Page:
Jesus was most likely arriving outside the city gates of Jerusalem on the 10th of Nisan, the day when the fathers of Israel would be selecting a spotless lamb to bring to the temple to be sacrificed on the Passover (Exodus 12:3-5). Were the people of Israel looking for the Lamb who would deliver them from their sin? No, they were looking for their Lion, who would deliver them from the Romans.  They wanted Jesus to overthrow the foreign authorities. Instead, Jesus would go to Jerusalem to overthrow the tables of the moneychangers (Luke 19:45-46).

Jesus wept over the unrepentant hearts in the city.

Jesus’ prophecy concerning Jerusalem would come true 40 years after it was given. Speaking of Jerusalem, he said,

Luke 19:42-44 …  For the days will come upon you when your enemies will throw up a barricade against you, and surround you and hem you in on every side, 44  and they will level you to the ground and your children within you, and they will not leave in you one stone upon another, because you did not recognize the time of your visitation.”

Roman troops, under the leadership of Titus, son of the Emperor Vespasian, attacked the city of Jerusalem, to put an end to a Jewish revolt that began in 66 AD. They broke through the northern wall but could not take the city until they laid siege to it. Then, in 70 AD they were able to enter the city, burn, it and completely demolish the temple. The Romans wanted to extract the gold that melted and fell between the cracks of the stones, so they were ordered to not leave one stone left upon another.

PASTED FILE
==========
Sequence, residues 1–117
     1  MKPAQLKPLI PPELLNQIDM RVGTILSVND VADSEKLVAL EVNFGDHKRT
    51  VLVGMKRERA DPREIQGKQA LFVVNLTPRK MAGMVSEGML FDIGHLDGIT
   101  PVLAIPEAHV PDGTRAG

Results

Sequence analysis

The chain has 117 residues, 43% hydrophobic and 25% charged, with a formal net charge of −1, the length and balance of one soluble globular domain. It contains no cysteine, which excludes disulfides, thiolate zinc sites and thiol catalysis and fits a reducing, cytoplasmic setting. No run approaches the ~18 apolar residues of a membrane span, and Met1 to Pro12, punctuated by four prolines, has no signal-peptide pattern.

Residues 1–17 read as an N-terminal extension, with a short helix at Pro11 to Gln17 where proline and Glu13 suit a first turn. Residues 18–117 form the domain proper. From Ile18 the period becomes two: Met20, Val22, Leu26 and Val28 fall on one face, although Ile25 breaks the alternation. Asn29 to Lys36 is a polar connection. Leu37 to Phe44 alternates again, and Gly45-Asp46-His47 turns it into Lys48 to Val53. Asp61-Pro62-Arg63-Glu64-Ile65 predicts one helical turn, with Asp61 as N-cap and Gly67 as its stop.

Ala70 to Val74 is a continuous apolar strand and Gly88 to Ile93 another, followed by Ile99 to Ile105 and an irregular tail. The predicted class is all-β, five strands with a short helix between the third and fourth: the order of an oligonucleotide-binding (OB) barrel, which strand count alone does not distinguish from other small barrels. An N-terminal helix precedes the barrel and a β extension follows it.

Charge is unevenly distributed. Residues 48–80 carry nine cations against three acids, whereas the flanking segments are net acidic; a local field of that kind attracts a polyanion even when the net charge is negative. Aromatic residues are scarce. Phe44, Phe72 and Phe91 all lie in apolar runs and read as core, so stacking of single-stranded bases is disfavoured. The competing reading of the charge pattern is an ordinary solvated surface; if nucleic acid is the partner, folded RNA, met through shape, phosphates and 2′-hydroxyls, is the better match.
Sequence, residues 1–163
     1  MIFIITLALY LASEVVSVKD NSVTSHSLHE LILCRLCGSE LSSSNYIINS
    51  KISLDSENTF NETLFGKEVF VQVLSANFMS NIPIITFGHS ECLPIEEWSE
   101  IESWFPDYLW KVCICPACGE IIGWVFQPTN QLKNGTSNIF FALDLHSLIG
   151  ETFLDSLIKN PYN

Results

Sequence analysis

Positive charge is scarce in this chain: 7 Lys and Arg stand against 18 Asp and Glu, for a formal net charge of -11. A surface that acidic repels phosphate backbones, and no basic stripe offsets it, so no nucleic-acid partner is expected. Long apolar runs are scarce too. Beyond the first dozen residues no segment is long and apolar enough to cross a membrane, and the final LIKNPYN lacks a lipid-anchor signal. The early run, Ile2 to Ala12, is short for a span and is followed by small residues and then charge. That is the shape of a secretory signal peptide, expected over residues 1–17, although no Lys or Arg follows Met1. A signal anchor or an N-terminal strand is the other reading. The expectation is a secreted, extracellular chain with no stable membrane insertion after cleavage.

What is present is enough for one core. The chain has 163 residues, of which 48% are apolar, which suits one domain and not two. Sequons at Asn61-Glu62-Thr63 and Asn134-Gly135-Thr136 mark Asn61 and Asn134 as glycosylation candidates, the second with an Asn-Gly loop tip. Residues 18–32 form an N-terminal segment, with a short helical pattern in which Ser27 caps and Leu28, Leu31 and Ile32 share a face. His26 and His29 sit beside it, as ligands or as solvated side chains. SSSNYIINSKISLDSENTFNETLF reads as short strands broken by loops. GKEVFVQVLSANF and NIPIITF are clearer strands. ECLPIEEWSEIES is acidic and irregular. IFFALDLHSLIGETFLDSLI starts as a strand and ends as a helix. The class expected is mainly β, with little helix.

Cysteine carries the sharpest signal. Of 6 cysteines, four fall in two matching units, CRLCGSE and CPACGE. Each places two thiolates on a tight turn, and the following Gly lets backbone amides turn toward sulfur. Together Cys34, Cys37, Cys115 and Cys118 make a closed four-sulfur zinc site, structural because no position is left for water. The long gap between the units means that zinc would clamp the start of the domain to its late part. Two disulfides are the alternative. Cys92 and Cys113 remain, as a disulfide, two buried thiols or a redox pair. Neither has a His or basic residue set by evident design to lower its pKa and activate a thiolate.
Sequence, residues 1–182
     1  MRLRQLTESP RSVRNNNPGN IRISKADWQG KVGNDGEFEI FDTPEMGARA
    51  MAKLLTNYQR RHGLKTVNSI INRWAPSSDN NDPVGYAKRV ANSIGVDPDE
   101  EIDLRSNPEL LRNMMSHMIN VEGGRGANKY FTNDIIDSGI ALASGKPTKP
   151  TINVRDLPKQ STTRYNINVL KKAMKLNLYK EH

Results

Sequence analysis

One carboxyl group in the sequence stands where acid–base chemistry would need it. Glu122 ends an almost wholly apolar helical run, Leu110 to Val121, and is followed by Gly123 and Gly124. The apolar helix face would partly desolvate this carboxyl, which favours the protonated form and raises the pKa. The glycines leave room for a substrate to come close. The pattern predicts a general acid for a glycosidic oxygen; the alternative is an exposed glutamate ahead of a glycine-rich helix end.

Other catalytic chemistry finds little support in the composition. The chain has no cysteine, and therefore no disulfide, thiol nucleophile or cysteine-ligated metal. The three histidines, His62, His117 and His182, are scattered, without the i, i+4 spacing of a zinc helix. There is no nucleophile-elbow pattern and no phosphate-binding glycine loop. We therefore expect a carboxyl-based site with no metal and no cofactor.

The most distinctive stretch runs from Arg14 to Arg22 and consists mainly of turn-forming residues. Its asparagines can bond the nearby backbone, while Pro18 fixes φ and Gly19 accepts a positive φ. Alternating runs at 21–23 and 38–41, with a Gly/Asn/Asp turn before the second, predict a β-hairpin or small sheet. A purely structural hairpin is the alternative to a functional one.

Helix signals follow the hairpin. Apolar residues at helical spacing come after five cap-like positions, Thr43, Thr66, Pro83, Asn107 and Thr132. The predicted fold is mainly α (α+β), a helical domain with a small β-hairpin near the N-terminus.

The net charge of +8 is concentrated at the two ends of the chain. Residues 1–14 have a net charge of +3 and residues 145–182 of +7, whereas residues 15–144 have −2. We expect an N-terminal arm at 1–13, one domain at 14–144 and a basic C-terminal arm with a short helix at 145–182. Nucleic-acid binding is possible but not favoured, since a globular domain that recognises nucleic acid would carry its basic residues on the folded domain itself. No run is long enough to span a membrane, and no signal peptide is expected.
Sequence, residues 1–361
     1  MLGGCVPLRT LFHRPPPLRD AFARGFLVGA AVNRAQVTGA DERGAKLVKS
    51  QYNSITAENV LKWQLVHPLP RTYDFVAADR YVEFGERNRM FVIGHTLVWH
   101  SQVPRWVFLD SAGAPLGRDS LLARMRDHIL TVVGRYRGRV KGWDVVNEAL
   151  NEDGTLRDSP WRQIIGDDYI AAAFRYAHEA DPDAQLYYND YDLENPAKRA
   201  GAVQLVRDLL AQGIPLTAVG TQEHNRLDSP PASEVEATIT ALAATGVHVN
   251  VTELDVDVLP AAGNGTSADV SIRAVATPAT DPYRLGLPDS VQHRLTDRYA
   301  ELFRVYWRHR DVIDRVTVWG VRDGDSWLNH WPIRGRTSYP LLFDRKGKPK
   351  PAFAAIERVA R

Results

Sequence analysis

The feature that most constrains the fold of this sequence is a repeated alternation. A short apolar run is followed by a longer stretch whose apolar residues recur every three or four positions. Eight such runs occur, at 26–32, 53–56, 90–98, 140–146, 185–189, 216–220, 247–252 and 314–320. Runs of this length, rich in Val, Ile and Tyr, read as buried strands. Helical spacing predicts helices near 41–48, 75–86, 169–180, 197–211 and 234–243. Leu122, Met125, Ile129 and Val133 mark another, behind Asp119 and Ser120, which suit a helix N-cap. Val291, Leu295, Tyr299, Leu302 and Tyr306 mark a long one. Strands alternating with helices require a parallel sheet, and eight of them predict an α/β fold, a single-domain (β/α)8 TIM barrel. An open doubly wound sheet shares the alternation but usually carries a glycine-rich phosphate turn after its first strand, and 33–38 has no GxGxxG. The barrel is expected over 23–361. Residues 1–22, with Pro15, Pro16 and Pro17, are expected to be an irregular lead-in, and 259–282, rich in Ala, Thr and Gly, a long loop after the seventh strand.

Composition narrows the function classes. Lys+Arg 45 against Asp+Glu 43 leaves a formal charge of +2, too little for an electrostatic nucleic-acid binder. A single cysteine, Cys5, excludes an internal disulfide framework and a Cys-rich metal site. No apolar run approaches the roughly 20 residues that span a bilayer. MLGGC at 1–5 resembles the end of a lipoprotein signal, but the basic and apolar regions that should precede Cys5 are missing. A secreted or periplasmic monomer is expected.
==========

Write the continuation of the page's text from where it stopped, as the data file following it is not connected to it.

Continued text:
PSALM 88:1-18

This Psalm is one that evokes great sympathy from the reader. This person is having a tough time. While most psalms of complaint have a resolve, this one doesn’t. Prayers seem to go unanswered. Friends turn their back. The author senses God’s wrath. As I read it, I think of the cup that Jesus took for me. It was a bitter cup, but His acceptance of it, and His bearing of it, has made it possible for me to drink from the well of salvation!


Proverbs 13:12-14 12  Hope deferred makes the heart sick, but desire fulfilled is a tree of life. 13  The one who despises the word will be in debt to it, But the one who fears the commandment will be rewarded. 14  The teaching of the wise is a fountain of life, To turn aside from the snares of death.

This is a group of proverbs that spells out the struggle that we have with disappointment and disobedience.

We must persevere in faith, even when the fulfillment of a promise has been delayed, or not according to our expectation. The tree of life has a lot of deep roots underground. Don’t fret what you cannot yet see of a fulfilled desire. If you fear the commandment(s) and give heed to it, you WILL be rewarded.

PRAYER: O LORD, You are our Tree of Life, our Source, our Savior and King. You are our city of Refuge. We hail You, Lord Jesus, the Son of David, the Son of God, and thank You for putting away our sin at Calvary and overturning the tables of anything that would cheat You of Your deserved worship. We ask for the needed wisdom and strength to turn from all evil and live in a way that is pleasing to You, Father, through Jesus Christ our Lord, Amen.

-Pastor David